Scholarly Communication Archive

  • Workshop 5/2: Your Google Scholar Profile (Why, How, Etc.)

    You’re probably familiar with using Google Scholar to search for scholarly literature. But did you know Google Scholar also includes researcher profiles, which researchers themselves can edit and enhance? Come learn how to claim your researcher profile, make your entries as correct and complete as […]

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  • Asst. Prof. Roxanne Shirazi, Dissertation Research Librarian

    Roxanne Shirazi is a familiar face at the Graduate Center Library, but this spring we welcome her to a full-time Assistant Professor tenure track position. Prof. Shirazi will coordinate the library’s archiving and distribution of electronic theses and dissertations (known in the trade as ETDs), as well as […]

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  • A Holiday Gift from Art History Teaching Resources

    Earlier in 2016, our friends at Art History Teaching Resources (AHTR), a robust and respected open educational resource initially created by Graduate Center students, founded Art History Pedagogy and Practice (AHPP), an open access journal dedicated to the scholarship of teaching and learning in art […]

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  • Open Education Is Not a Luxury

    Audre Lorde famously asserted that “for women . . . poetry is not a luxury.” Artistry and lived experience shared, while valued less than dominant notions of thought and process, is “a vital necessity of our existence,” she wrote (Lorde, Audre. Poetry is Not a […]

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  • Two Free Tools to Help Boost Your Online Scholarly Presence

    You may already be familiar with searching for articles and other academic works in the popular web search engine Google Scholar. You may have noticed the article-level metrics such as number of times cited (and by whom) that are included with your Google Scholar search […]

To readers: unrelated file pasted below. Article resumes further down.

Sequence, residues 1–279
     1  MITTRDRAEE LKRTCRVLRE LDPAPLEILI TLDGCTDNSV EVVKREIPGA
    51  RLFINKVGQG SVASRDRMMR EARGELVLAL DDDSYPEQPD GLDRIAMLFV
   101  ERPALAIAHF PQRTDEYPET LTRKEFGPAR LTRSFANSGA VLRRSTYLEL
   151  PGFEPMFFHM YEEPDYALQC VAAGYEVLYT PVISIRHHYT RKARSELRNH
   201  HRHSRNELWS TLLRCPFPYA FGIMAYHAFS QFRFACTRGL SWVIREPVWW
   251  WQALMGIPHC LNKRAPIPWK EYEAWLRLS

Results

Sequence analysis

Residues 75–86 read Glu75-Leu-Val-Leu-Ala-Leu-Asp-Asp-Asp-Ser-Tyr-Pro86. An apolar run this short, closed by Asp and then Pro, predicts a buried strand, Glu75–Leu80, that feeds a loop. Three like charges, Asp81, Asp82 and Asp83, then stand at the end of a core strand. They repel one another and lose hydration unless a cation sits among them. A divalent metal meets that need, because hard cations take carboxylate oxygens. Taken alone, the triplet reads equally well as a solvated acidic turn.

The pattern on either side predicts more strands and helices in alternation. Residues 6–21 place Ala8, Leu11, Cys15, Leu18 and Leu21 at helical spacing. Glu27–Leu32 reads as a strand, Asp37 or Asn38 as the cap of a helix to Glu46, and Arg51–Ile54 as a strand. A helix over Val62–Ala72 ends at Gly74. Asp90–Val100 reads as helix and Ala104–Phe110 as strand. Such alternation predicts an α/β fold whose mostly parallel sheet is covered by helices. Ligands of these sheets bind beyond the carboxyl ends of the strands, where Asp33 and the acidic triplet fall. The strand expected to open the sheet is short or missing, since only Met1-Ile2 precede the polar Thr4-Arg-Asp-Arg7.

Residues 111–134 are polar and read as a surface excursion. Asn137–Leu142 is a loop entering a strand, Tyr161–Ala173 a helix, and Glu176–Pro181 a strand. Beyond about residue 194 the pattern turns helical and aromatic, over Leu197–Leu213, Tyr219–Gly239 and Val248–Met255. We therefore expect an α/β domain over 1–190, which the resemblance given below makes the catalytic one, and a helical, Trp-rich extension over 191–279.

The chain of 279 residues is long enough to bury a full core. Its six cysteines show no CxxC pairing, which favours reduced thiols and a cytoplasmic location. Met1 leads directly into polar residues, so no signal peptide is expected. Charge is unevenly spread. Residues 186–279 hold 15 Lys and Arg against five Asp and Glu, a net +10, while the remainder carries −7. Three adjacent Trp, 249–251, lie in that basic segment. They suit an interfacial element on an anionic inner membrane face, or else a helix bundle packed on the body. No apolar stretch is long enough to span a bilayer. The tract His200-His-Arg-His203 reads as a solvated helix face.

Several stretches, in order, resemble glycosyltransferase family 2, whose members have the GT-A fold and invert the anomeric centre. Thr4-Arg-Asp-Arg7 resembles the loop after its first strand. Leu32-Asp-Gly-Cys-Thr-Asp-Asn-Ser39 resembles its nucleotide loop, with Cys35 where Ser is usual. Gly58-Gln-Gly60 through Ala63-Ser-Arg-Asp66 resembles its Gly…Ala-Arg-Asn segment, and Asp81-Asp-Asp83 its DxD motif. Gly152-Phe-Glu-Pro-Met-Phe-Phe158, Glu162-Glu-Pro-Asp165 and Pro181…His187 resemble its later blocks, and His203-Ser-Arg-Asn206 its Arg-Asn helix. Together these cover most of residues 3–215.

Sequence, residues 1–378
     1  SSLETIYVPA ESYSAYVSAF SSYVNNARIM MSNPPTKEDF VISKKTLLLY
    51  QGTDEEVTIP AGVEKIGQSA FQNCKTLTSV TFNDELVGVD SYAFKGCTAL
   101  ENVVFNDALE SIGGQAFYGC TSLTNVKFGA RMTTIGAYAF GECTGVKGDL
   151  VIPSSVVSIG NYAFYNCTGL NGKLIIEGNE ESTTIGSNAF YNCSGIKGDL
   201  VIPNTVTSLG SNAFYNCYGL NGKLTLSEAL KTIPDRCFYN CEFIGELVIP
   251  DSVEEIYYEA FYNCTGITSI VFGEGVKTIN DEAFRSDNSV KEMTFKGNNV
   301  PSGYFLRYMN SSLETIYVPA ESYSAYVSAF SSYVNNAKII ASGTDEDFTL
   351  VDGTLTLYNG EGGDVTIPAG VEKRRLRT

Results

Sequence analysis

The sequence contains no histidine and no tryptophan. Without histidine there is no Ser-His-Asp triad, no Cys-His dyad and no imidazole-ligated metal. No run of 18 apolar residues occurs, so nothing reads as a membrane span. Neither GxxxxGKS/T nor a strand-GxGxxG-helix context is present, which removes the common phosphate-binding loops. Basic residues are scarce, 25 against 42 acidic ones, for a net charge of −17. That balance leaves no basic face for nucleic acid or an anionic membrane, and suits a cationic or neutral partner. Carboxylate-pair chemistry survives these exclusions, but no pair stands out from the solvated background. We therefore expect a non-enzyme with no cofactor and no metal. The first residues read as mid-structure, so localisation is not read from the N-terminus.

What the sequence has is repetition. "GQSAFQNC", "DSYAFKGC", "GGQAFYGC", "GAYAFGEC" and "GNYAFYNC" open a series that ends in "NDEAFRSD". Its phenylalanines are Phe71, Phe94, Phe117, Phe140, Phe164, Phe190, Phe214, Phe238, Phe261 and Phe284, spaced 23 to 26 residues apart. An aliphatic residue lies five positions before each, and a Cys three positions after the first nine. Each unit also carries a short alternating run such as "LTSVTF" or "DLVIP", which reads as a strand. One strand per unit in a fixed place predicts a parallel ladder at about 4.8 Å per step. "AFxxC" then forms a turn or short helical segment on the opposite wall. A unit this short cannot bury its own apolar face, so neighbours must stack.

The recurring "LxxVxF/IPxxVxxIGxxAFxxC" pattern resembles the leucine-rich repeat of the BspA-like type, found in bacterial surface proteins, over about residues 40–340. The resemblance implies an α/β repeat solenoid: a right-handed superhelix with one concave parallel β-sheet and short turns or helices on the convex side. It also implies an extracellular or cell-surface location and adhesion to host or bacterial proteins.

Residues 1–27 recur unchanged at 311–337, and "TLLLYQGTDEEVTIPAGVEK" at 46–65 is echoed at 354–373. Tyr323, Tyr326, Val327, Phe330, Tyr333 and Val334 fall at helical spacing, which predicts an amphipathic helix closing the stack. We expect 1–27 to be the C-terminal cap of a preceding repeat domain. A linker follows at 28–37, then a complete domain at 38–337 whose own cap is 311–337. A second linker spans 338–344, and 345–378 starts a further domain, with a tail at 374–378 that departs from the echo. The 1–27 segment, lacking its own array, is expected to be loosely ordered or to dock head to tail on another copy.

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  • HIV/AIDS and Being a Scholar in the Digital Era

    Guest Post by Jessie Daniels, Professor of Sociology at Hunter College and the Graduate Center. When a new and frightening epidemic known as ‘AIDS’ was devastating a generation in the 1980s, the response from elected officials and government agencies was appallingly slow or non-existent. Also in […]

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  • Why Do You Write?

    GC Sociology Prof. Jessie Daniels’ second book Cyber Racism appeared in 2009, published by a reputable academic publisher that sold books mostly to academic libraries in paper and ebook formats that were entirely closed, locked behind turnstiles and paywalls. Readers had to either buy a copy or […]

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  • At the GC, Every Week Is Open Access Week!

    This week (October 24-30) is International Open Access Week, an annual event encouraging students, faculty, librarians, and researchers of all kinds to consider and share the benefits of open access to scholarly literature, research data, and educational materials. Here at the Graduate Center Library, we make […]

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  • classroom chairs

    Open Education and OERs: Moving Beyond the Jargon

    Even as it becomes clear that higher education may, in fact, survive the great MOOC threat of the 2010s, there continues to be a mixture of anxiety and misconceptions around the notion of open education. So what do we mean by open education? Personally, I […]

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  • Negotiating a Favorable Book Contract

    Securing a book contract for promotion and tenure is a goal in itself for academic authors. Scholarly book contracts tend to favor the publisher, however, and the terms often work against the author over the long term. That said, it’s increasingly possible for authors to negotiate more favorable terms with […]

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